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Lawn Care: Specialist Tools for the Elderly or Wheelchair Bound

By: Chris Hogan MSc - Updated: 23 Mar 2010 | comments*Discuss
 
Lawn Grass Mower Rotary Robot Cylinder

Taking care of a lawn is something of a burden for fit able-bodied people, after all they have to drag the mower out once or even twice a week sometimes, in the summer. But for people in wheelchairs or otherwise less able to move around, lawn care can be difficult and time-consuming, not to mention dangerous. Fortunately there are products that can help people of all abilities enjoy a lush lawn.

Hover Mowers

For people who are able to walk, even if it's with difficulty, there are a number of lawn mowers that can make the job easier. It's important to consider the weight of the mower when it's being moved to and from its storage.

There are lightweight electric mowers which are easy for people to get in and out of sheds as well as walk around the lawn. There is also one that is designed to be used with only one hand and also a cordless mower so there's no cable to trip over or cut through.

Cylinder Mowers

Cylinder mowers aren't completely left out. You can of course get petrol powered mowers which are self propelled but they are very heavy to manoeuvre when the engine isn’t running and difficult to turn in a tight spot when it is. But there are electric cylinder mowers that have driven wheels. They have a speed control so that you can set a comfortable pace and they aren't as heavy as petrol equivalents.

Edging and Trimming

For edging and tidying lawns there are products to help avoiding bending or having to kneel. Very lightweight telescopic handled lawn shears are widely available and one-handed versions can also be found. The latter often have rotating heads so that the shears can cut vertically as well as horizontally.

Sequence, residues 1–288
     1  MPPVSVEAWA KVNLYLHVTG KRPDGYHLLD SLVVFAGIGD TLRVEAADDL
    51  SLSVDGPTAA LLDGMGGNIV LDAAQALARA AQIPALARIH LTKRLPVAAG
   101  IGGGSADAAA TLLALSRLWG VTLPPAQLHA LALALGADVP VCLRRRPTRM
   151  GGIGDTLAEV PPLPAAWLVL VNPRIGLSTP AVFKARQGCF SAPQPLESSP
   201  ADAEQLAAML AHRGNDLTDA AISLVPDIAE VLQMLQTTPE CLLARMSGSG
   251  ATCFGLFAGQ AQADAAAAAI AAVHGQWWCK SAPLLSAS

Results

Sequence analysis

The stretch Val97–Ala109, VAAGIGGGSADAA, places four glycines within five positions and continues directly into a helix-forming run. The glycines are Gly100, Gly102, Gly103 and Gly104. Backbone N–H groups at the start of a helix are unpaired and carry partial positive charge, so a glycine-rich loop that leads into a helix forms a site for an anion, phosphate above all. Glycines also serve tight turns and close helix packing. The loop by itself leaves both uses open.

For those in wheelchairs there are battery operated shears, often with a wheel so that they can be rolled along rather than having to be lifted. Another neat gadget is a tray that clips on to ordinary lawn edging shears. The cuttings can then be lifted over to a bucket or sack and tipped in in one motion without having to bend.

There are also lightweight electric strimmers, either with cords or battery operated. There are some that are some small enough to be operated in one hand at ground level, although of course people will need to be able to get down to ground level and back up again in order to be able to use them.

Consider a Robot to Help Out

Finally, for those with the money to spend, there are now a number of different mowing robots on the market. These look like ordinary rotary mowers with no handle. They detect sensors placed around the edge of the lawn and drive themselves around cutting the grass. They are all mulching mowers, that is to say that they cut the grass into tiny blades and use the force of the air current under the hood of the mower to force these tiny blades back into the soil.

This acts as mulch, protecting the roots of the grass from the sun and holding water in to make the lawn more drought resistant. It all sounds perfect, so the only catch is that they cost about ten times the amount of an ordinary rotary mower. Still, if time is money, and you have the cash, a robot mower might be a worthwhile investment.

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